Chances are, your company or organization is already successfully tapping into social media to monitor your brand, run marketing campaigns and even manage customer service. But it’s when you start putting that social data to work to make better decisions, that you know that you have moved from social media management to social intelligence. That transition has been the focus of many conversations I’ve had with businesses during the past year, including a couple of social listening roundtables we’ve hosted here at Twitter. Here’s my summary of what those businesses are telling me:
As previously mentioned, more companies are seeing Twitter and other social data as a valuable source of insight into the people and topics important to them. Businesses are realizing the uniqueness of social media in providing real-time, unprompted and authentic feedback and are starting to overlay this ‘voice of the customer’ data with other data sources to find correlation and causation.
Companies are in the midst of massive rollouts of dashboards and alerting capabilities to support the specific needs of various departments and regions. At the same time, analysis capabilities are being more centralized to support specialization and reduce duplication of effort. Social listening and analytics tools are supporting the former while business intelligence tools the latter. And to that point…
Some innovative organizations are applying their own models for text analysis to more accurately understand all this unstructured data. For this reason, they are either connecting directly to social APIs themselves or are using their social listening provider’s APIs to get social data into their business intelligence tools for further, deeper data analysis.
When taken as a whole, the sheer quantity of social data points can be impressive but quantity is not necessarily a requirement for success. Many companies are deriving immense value in surfacing small numbers (hundreds or even dozens) of highly relevant data points on very specific topics. For example, an analyst researching a topic such as yogurt might only find a couple of hundred mentions in a given month, but within that data set are valuable insights around flavor preferences, health benefits or usage trends.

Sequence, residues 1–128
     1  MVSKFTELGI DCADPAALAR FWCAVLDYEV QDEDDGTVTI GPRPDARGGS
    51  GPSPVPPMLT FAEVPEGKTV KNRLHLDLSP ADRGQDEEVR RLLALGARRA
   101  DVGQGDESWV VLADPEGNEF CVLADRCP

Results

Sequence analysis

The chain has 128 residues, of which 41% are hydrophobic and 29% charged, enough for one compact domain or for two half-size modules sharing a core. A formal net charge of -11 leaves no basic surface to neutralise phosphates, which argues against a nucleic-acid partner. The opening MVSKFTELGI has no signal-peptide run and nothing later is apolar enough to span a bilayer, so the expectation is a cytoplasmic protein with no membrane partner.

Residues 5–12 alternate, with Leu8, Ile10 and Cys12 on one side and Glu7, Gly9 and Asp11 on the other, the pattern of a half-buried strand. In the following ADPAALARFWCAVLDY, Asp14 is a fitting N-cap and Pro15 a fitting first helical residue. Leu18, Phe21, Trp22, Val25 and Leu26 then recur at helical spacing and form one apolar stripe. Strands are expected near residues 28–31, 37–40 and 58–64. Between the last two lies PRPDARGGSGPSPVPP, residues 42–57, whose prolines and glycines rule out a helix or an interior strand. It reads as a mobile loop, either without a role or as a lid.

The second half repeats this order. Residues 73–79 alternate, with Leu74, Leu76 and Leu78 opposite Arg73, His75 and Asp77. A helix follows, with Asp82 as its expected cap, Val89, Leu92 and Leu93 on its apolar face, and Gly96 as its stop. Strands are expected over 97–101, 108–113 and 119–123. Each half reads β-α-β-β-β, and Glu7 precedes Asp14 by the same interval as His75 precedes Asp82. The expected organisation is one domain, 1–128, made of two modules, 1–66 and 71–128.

Most organizations aren’t asking if social data like that from Twitter has value but when they should be utilizing it. Put another way, what questions is Twitter good at answering? How does social media data complement other data sources and/or research techniques? The answers might vary depending on industry, audience, and/or geography, but many organizations I’ve spoken with are getting immense value from social data at the beginning of their research, using it to understand market context and quickly (and cheaply) test assumptions.
Innovation has primarily been driven by social listening vendors over the past decade, however, we are starting to see some really interesting and innovative work coming from smaller digital agencies and data science shops connecting the social dots with other data sources. As mentioned, it’s this blending of data sources which will prove the value of social data for new use cases.
As 2019 draws to a close and we look toward a new decade, what is the current state of social intelligence? To paraphrase Churchill, this is certainly not the beginning of the end, but it is, perhaps, the end of the beginning. And this stage should excite us. If you’re ready to start your move to social intelligence, get inspired at data.twitter.com.
Did someone say … cookies?